Branding-Focused ‘Watch Data’ changes Facebook ad targeting
Changes to the way Facebook tracks its users’ behaviour have been announced. The new tool, dubbed ‘brand awareness optimization’, will essentially allow marketers to monitor exactly how long a user spends viewing a particular video or promo, but is different from the current time-spent viewing metric in that it can also detect how quickly they scroll down the news feed, and therefore how long they have spent engaging with the content. Importantly, each engagement is compared against their time spent viewing other ads on the platform, therefore indicating their preferences. Brands can then use this data to group together users with similar interests and use the vast Facebook database to target like-minded individuals. This data can complement page-likes and group membership information, meaning more precise and targeted ads can be delivered. Conversely, if people don’t view or engage with a campaign, they can be eliminated from it.
The announcement is in part a reaction to the current interest in ad viewability, or how many ads are actually seen on a page, as opposed to never reached when scrolling. One study from 2014 suggests 54% of ads aren’t viewable online, clearly a major concern for marketers paying for online advertising. So as the industry moves from a preoccupation with served impressions to pay-per-views, Google also conducted research in November 2014 into ad size and positioning. The findings confirm that content that can hold a user’s attention has the highest viewability. And now marketers can rely on Facebook to ensure targeted audiences are reached and their attention, or recall on a brand, is gained. This will be rolled out from October onwards.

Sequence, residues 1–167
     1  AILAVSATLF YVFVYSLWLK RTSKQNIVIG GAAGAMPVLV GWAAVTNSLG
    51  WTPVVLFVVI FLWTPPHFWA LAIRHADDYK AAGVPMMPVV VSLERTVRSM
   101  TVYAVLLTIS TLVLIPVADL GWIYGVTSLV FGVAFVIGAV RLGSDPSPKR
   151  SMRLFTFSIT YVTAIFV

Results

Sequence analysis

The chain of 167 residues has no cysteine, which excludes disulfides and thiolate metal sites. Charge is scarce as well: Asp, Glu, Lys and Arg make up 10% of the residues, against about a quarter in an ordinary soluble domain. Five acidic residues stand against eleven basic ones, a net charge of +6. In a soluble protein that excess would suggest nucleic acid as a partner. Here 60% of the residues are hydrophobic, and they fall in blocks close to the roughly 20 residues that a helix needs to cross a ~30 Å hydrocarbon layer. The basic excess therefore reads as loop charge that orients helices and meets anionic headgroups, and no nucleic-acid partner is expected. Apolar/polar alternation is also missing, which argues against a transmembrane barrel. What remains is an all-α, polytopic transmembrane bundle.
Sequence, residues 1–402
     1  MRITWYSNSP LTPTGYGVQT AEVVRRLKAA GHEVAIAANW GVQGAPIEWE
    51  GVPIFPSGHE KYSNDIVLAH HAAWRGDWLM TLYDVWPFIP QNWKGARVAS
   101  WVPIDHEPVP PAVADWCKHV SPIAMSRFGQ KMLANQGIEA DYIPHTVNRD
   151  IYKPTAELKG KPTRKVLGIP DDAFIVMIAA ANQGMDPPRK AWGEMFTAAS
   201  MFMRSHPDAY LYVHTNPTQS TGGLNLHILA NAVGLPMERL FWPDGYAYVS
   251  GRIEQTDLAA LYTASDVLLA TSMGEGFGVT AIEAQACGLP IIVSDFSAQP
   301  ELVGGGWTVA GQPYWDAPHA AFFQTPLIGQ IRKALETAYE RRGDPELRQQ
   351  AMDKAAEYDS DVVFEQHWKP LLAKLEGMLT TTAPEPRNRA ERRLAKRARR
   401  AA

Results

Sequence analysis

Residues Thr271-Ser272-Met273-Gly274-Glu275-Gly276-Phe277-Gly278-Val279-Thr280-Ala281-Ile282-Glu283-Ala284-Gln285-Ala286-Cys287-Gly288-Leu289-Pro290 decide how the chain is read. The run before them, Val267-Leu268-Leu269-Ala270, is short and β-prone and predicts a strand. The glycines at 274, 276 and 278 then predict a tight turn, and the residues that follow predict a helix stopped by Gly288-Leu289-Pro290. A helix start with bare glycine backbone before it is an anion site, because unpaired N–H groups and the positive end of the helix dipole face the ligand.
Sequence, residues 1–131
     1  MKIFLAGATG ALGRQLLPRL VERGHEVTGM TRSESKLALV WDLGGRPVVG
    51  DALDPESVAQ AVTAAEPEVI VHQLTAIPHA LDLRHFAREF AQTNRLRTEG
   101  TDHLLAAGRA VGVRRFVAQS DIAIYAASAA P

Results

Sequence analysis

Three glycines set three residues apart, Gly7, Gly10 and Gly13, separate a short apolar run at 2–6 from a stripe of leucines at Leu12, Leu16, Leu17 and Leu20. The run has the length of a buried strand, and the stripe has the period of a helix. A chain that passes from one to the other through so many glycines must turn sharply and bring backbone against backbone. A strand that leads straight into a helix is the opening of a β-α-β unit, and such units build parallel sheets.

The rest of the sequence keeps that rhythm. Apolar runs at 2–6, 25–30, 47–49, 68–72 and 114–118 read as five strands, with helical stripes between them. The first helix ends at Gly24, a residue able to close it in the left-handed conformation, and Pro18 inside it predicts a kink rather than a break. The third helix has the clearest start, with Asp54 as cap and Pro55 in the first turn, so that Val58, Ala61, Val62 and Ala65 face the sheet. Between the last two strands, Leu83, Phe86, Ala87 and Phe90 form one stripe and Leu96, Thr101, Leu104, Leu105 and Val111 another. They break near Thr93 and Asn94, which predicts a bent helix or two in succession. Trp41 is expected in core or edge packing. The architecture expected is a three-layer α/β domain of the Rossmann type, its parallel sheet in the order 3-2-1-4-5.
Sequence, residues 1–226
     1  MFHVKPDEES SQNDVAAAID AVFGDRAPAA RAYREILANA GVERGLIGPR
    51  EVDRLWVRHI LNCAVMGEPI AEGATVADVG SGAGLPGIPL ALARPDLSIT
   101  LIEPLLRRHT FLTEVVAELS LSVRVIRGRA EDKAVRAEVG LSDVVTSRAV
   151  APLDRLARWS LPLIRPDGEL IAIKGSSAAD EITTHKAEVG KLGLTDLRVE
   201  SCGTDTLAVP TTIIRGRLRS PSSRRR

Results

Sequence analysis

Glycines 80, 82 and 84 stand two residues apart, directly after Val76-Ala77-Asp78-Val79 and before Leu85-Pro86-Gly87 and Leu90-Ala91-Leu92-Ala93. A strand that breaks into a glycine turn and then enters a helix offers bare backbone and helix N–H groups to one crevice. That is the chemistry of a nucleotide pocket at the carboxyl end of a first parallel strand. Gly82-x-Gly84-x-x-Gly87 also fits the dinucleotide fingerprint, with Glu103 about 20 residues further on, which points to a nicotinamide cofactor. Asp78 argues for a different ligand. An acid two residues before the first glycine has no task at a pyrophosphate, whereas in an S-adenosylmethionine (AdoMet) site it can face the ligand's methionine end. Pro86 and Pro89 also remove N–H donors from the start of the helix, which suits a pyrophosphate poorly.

The social networking giant also announced a mobile polling tool which will be used to gather data across Facebook and Instagram. Twitter also announced last week their own native polling tool, meaning brands will be easily able to use this function for consumer interaction.
Commentators seem to agree that these latest announcements mark the coming of age of social networks when dealing with advertising.